Jarred took us to a headwaters. The fish were jumping. A switch buried deep inside their atoms has clicked on; they will need to jump up the river to get to the fresh water. They are sometimes jumping before they even reach the climb to the fresh water. If they get to the fresh water it will diffuse into their system and they will turn grey and die. That is if they are not eaten by bears, humans, and eagles first.

With Breathe Owl Breathe, at a campground in Haines…

A bonfire on the beach in Seward. About seven or eight folks. They are talking about the trawlers, talking about the politics, talking about charter fisherman. The young people in Alaska know the game, at least the ones I’m meeting. One of them boxcar’d up here. One has become a little uneven. Spontaneously, he throws himself on the fire. He’s howling with laughter. He’s got a crazy look.

Later, a ferryboat taking our caravan to Juneau. It is raining. The man in the orange jumper suit guiding our van onto the ferry is speaking Russian.

Another time, the Mycea sail boat. I jumped in the water I couldn’t get back in. they threw a tug to save me. Why did I jump? The work of the Lutra Canadensis? The captain raised his five daughters on an island nearby…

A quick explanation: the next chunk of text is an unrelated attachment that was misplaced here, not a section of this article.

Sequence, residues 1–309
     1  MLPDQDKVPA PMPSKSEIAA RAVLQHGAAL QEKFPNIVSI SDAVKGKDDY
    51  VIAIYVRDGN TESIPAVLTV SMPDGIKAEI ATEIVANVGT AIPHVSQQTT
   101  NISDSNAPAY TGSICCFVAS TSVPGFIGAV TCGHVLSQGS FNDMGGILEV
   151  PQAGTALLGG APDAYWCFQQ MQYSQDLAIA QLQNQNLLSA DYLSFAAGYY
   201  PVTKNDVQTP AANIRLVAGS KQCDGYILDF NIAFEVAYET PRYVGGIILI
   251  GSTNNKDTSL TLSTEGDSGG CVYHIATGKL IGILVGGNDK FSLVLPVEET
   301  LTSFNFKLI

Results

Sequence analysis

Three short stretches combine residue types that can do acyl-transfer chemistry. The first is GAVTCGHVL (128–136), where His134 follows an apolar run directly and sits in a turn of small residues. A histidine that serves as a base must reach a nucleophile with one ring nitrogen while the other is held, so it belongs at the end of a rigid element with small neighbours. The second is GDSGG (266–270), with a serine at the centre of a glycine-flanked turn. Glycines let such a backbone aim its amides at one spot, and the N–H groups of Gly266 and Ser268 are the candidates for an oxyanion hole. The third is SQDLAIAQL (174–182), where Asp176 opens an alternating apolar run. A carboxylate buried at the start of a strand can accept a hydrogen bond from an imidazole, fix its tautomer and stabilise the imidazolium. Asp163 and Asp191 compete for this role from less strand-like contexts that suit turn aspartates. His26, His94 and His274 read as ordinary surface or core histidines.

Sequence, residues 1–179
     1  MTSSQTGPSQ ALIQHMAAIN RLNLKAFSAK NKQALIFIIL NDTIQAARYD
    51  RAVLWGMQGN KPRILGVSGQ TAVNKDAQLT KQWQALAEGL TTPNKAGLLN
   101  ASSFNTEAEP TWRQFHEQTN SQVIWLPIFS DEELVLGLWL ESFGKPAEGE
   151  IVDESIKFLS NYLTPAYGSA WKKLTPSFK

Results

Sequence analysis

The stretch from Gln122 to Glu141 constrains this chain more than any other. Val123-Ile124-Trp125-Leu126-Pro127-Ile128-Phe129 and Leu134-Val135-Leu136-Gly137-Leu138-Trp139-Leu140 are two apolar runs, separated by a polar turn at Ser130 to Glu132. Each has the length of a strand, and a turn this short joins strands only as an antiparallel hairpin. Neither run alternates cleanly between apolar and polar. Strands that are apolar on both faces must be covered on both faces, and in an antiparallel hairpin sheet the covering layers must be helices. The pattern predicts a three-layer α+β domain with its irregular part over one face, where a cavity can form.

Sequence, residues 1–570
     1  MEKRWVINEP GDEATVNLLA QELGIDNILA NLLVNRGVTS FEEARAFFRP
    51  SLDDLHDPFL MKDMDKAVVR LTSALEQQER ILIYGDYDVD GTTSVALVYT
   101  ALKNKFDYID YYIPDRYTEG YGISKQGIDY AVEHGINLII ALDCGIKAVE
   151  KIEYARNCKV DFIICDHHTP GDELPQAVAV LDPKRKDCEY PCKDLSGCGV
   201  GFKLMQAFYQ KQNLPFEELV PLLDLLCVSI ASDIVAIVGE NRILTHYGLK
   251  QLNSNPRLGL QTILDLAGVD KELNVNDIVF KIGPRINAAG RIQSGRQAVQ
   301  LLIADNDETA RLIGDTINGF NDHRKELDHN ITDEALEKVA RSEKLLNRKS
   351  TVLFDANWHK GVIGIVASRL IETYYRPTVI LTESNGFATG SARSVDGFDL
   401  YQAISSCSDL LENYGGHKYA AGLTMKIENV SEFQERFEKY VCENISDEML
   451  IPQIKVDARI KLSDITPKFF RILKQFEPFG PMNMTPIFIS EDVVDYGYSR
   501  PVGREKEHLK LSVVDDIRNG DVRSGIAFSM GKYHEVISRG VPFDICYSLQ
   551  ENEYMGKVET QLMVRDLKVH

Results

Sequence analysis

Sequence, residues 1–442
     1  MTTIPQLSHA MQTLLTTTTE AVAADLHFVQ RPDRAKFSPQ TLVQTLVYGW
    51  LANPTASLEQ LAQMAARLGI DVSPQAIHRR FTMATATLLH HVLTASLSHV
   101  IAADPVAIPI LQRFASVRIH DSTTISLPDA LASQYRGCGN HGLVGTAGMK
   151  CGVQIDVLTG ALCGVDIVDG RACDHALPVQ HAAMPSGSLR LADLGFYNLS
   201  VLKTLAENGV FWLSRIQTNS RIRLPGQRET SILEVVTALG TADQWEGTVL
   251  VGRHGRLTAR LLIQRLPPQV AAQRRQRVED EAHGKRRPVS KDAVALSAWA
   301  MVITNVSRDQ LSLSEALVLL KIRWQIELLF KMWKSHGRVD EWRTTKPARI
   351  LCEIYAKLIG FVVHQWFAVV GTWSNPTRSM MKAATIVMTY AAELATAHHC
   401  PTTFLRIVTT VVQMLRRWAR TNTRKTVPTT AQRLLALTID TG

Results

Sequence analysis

The DJ in Juneau is having us on his show. He doesn’t know our music nor any music. He doesn’t care. He makes a joke of himself. Of everything.

We are traveling with a six-year-old named Wesley. He is Tlinket too.

Will we miss the ferry out of Haines? We are all looking for Nick’s uncle, he has disappeared with the truck, we are looking in ditches, at the jail, at his ex-girlfriends. We find him in the ferry terminal parking lot, asleep in the front seat.

There is a lady’s house we are supposed to stay at. But it’s covered in dog hair. It’s all covered in dog hair. Everything. She has lost to the pack. They rule her.

Back in Sitka I am leaving. I have fish to bring home. They only allow so much pounds on the plane so I stuff salmon in my underpants.

This is just a little bit of what happens.

More writings by Sonny Smith: sonnysmith.com